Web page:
Debate: Is BMI an accurate indicator of obesity?
Body mass index (BMI) has been used for nearly 200 years to measure percentage of body fat. But new research
Body mass index (BMI) has been used for nearly 200 years to measure percentage of body fat. But new research suggests BMI ratings may actually be underestimating the prevalence of the obesity epidemic.
The study by the Path Foundation compared percent body fat results from dual-energy x-ray absorptiometry (DXA) ‘ a full-body scan that measures muscle, bone mass and body fat’ and BMI measurements in 1,400 patients.
Results showed that 48 per cent of women and 25 per cent of men were classified as non-obese by BMI standards, but were obese by their percent of body fat. BMI measures your weight to height ratio, but ignores how fat is distributed in your body.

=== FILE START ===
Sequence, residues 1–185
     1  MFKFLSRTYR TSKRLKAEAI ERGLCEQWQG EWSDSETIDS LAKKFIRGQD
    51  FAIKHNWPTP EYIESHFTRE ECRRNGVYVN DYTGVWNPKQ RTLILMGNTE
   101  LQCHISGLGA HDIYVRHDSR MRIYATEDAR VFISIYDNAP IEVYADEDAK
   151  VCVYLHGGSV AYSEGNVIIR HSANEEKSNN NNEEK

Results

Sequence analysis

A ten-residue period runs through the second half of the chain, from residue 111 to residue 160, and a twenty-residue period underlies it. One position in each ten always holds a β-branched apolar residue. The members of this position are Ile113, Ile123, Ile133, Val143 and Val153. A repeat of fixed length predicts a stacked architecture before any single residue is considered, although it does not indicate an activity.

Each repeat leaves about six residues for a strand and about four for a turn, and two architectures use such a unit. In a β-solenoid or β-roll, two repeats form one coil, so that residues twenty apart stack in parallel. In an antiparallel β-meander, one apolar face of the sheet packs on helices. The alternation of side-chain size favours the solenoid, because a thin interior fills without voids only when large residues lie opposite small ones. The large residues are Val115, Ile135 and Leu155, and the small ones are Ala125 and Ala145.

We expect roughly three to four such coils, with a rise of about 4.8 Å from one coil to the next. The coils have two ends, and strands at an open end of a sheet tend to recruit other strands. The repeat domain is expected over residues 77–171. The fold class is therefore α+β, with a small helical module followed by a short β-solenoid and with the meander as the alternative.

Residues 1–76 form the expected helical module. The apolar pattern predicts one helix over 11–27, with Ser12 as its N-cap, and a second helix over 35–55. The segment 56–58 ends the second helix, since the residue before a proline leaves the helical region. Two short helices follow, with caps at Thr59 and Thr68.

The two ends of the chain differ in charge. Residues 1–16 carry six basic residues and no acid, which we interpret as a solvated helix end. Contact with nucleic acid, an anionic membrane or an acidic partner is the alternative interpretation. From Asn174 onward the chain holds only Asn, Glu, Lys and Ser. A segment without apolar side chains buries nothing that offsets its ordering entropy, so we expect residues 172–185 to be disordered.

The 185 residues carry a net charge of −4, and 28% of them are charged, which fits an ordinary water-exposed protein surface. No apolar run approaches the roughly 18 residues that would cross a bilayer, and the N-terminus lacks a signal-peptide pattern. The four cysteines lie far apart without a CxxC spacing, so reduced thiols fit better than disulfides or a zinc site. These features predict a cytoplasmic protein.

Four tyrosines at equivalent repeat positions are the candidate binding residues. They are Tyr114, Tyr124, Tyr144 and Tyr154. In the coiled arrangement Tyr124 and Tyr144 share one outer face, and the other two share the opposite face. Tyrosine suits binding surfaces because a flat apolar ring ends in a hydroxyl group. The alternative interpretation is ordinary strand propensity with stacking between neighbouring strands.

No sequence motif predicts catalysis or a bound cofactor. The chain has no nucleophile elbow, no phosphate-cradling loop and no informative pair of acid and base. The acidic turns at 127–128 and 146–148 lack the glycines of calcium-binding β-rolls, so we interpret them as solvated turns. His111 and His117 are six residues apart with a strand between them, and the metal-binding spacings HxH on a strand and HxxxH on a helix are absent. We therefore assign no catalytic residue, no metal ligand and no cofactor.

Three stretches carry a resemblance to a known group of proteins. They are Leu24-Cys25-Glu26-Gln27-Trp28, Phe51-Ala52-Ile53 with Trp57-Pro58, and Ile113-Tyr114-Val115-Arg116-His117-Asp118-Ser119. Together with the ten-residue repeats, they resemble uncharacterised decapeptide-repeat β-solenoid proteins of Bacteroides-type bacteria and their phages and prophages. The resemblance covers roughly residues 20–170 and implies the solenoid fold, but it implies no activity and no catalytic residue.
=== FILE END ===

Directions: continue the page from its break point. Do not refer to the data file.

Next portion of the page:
Another factor BMI does not account for is age. Women lose muscle and bone mass faster than men, and replace it with fat. In the study, 48 per cent of women ages 50-59 were misclassified as obese. Misclassification increased to 59 per cent for women aged 70 and over.
Why is BMI still being used? Study investigators suggest DXA scans and leptin levels in our blood would give us a clearer picture of obesity risk. Leptin is a hormone that controls appetite, and studies have found that lowering elevated leptin levels is effective in long term weight loss management.
Until full-body DXA scans become considerably cheaper, and we better understand the role of leptin in obesity, BMI standards may be here to stay.
Will you still be using BMI?
‘Amy Crofts, web intern